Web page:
The sun rose every morning at Soppy Farms to the crow of the rooster. The day started, the animals woke, the farmer would start his work, and the mother hen tended to her chicks.
There was one of these chicks that always seemed to get into trouble.
“Get away from the mud!” she would tell him. “You are always so filthy!”
Or when he would pick through his food, she would snap, “Why are you eating that way? You are odd.”
Then, of course, her feathers would ruffle up when he was too loud, or too shy, or too wild. “You are nothing but problems,” she would mutter often.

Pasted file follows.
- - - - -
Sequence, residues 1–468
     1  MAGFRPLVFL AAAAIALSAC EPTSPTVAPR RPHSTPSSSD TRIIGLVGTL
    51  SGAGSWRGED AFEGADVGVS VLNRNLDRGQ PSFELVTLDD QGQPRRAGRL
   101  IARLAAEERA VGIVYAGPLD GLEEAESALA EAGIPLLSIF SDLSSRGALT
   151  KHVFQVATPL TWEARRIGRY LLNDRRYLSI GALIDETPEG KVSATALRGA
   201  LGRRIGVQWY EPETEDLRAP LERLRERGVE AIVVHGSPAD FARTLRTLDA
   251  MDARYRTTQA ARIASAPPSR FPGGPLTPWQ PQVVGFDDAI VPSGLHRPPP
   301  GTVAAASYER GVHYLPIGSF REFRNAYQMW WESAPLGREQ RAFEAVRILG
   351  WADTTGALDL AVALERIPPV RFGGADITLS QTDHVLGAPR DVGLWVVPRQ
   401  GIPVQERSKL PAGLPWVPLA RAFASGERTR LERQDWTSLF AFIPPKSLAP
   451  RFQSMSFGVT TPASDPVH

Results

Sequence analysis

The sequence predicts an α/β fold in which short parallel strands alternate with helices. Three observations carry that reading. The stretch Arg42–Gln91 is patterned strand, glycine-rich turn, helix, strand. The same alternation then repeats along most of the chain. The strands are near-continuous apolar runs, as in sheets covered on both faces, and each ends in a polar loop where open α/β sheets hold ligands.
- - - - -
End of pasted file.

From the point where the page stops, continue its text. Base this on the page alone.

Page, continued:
One day, the chick was no longer a chick, but a rooster. Instead of learning his job, though, he lounged around different areas of the farm: by the barn, near the sty, and around the pond. Days when he came back to the coop, the hen would shake her head disapprovingly, making comments about how he looked, how he acted, and what he did with his days.
When the old rooster retired, another came to take his place, but it was not the chick that had been raised on Soppy Farms. The day started, all the same. The animals woke. The farmer worked. The chick that had become a rooster meandered around with nothing to do.
And this was the true tragedy: that the chick never learned he could have made the sun rise.